Here, to address the expanding clinical needs, we developed CRISPR-COVID, a rapid assay for SARS-CoV-2 detection based on Cas13a, and compared the diagnostic performance among three different technological platforms: metagenomic sequencing, RT-PCR and CRISPR. To our knowledge, this is the first report on cross-platform comparison and the evaluation of an isothermal, CRISPR-based assay for COVID-19 that's rapid, sensitive and with low instrument requirement.
Identification of COVID-19 by mNGS
In order to develop a targeted assay for the novel virus, we obtained total RNA samples from 61 cases suspected for COVID-19 and subjected them to metagenomic next-generation sequencing (mNGS), the method by which this novel virus was initially identified.
Among the 61 suspected COVID-19 specimens, we were able to confirm 52 cases with read numbers mapping to the novel virus across 6 orders of magnitudes (median read of 1,484, from 2 to 19,016,501). The median genome coverage and sequencing depth was 46.8% (2.8%-100%) and 12.0× (1.0×-7870.1×), respectively (Fig 1A and S1 Fig). These findings indicate a high degree of variation in viral loads of SARS-CoV-2. As shown in the phylogenetic trees, SARS-CoV-2 genome identified in our specimens were highly conserved with the Wuhan strain and closest to SARS-CoV (Fig 1B).
(A) Number of mNGS reads mapped to the genome of SARS-CoV-2 in 52 positive cases; (B) Phylogenetic tree of SARS-CoV-2s and other pathogenic CoVs; (C) SARS-CoV-2 genome and CRISPR target region. Nucleotide identity among the SARS-CoV-2 genomes, including 52 in our cohort and 2,439 from public databases (Blue), between SARS-CoV-2 (NC_045512.2) and other pathogenic CoVs (Red, SARS-CoV; others as indicated). Brief gene locations are presented above and the target region for CRISPR-COVID is indicated in Grey.
With this genomic information, we aimed to identify target regions of SARS-CoV-2 by searching for sequences that were i) within the Orf1ab, N or E genes of the viral genome; ii) conserved among strains of the novel virus; iii) differentiable from other pathogenic coronaviruses. By analyzing the genetic similarity among the SARS-CoV-2 genomes and other pathogenic CoVs (Fig 1C), we identified two potential target sequences in Orf1ab and one in the N gene.
Development and evaluation of CRISPR-COVID
We seek to develop a rapid, highly sensitive and simple-to-use assay by taking advantage of both the polymerase-mediated DNA amplification by RPA and the CRISPR/Cas-mediated enzymatic signal amplification for improved sensitivity (Fig 2A). Moreover, the isothermal nature of such an assay abolished the demand for sophiscated instruments such as thermal cyclers as for PCR-based assays.
(A) Schematic diagram of CRISPR-COVID. The collateral nuclease activity of Cas proteins is activated upon specific binding of gRNA to the Orf1ab gene. Fluorescent signal produced from cleaved probes is captured and indicates the presence of SARS-CoV-2; Analytic evaluation of assay performance by testing contrived negative swab samples with indicated titers of SARS-CoV-2 (B), and various microbes as interfering materials. (CRBP, Common respiratory bacterial pathogens; CRVP, Common respiratory viral pathogens; 1, S. pneumoniae; 2, H. influenzae; 3, M. pneumoniae; 4, C. pneumoniae; 5, B. pertusiss, 6, S. mitis; 7, S. pyogenes; 8, S. aureus; 9, E. coli; 10, E. faecalis; 11, hCoV-OC43; 12, hCoV-NL63; 13, hCoV-HKU-1; 14, hCoV-229E; 15, Adenovirus Type 3; 16, H. influenzae B (Victoria); 17, H. influenzae A (H3N2); 18, HPIV-1; 19, RSV-A) (C). Group Blue, common respiratory bacterial pathogens; Green, Other bacteria; Brown, other CoVs; Yellow, common respiratory viral pathogens. P < 0.001 by Student's t-test between PC and all other samples.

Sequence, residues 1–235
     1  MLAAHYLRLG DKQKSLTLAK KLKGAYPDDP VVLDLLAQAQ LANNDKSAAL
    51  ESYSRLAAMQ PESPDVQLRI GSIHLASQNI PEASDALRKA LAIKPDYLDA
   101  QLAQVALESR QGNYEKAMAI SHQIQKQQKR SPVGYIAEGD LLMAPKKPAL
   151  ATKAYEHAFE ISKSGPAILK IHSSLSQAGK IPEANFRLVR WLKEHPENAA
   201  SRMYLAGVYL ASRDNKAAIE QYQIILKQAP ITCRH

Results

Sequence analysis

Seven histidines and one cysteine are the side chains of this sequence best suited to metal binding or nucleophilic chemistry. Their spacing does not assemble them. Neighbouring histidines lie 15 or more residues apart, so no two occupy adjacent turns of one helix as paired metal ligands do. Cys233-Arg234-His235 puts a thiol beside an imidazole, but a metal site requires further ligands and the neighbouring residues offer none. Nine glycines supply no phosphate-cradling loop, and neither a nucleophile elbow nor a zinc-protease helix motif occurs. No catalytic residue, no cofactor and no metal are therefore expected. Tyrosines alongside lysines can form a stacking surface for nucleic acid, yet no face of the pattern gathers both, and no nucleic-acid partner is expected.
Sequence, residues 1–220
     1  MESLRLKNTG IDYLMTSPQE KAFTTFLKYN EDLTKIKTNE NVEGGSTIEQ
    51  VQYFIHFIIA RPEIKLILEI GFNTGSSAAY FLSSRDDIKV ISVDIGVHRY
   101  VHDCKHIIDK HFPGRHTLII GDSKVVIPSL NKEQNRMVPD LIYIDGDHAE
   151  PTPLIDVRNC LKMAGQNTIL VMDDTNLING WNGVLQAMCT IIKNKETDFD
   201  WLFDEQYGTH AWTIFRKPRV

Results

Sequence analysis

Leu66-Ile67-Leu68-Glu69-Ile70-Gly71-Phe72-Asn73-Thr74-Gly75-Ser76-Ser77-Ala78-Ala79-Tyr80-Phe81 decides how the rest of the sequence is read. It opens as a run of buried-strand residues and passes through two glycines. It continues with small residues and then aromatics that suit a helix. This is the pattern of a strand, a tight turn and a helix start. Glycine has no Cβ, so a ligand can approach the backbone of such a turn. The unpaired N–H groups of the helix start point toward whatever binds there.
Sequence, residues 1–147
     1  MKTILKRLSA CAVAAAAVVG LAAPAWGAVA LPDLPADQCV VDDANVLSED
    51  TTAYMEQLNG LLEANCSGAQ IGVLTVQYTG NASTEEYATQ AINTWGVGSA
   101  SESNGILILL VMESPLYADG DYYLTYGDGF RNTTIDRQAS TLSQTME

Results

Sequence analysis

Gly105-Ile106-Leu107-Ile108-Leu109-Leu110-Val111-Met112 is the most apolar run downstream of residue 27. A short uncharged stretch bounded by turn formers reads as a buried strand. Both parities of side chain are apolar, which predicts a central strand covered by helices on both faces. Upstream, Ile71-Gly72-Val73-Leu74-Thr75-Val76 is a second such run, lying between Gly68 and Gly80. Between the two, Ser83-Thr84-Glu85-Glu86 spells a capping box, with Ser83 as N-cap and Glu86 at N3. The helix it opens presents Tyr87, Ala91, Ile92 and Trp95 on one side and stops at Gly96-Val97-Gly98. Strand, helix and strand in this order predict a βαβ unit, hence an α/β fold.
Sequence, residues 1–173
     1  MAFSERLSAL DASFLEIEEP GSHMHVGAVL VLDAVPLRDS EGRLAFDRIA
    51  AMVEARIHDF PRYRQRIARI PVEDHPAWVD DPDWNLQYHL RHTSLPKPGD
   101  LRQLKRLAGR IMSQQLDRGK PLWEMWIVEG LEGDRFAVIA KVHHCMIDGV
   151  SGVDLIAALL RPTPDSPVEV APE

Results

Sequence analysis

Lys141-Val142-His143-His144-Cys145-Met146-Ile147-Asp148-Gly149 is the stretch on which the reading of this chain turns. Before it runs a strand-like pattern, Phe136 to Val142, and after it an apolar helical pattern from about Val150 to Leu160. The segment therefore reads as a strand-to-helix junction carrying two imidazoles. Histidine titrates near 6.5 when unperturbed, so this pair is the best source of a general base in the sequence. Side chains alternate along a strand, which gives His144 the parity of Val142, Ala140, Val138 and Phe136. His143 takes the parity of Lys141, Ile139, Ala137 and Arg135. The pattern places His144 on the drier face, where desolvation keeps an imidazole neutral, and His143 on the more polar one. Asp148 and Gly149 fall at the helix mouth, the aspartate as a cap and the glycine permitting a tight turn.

Based on the three potential target sequences we identified, multiple sets of RPA primers and CRISPR gRNAs were designed and screened. Among these, the set that targeted Orf1ab showed the best overall performance of sensitivity and specificity, and therefore, was used to develop CRISPR-COVID in this study for further evaluation (S2A, S2B and S2C Fig).
We then sought to determine its analytic sensitivity by serial dilution at various concentrations. As shown in Fig 2B, CRISPR-COVID consistently detected 7.5 copies/reaction of SARS-CoV-2 in all 10 replicates, 2.5 copies/reaction in 6 out of 10, and 1.25 copies/reaction in 2 out of 10 runs. These data indicate that CRISPR-COVID had a near single-copy sensitivity. To confirm its specificity, we tested CRISPR-COVID with DNA from human cells as well as a panel of microbes including i) bacteria commonly found in respiratory infections: S. pneumonia, H. influenza, M. pneumonia, C. pneumonia, B. pertusiss; ii) human Coronaviruses: HCoV-OC43, HCoV-NL63, HCoV-HKU1, HCoV-229E; iii) other viruses commonly found in respiratory infections: Adenovirus Type-3, H. Influenza B (Victoria), H influenza A (H3N2), HPIV-1, RSV-A; and iii) other bacteria: S. mitis, S. pyogenes, S. aureus, E. coli, E. facecaiis. None of the above interference samples triggered a false positive reaction (Fig 2C). Altogether, these analytical assessments suggest CRISPR-COVID as a promising molecular assay for SARS-CoV-2 detection with great sensitivity and specificity.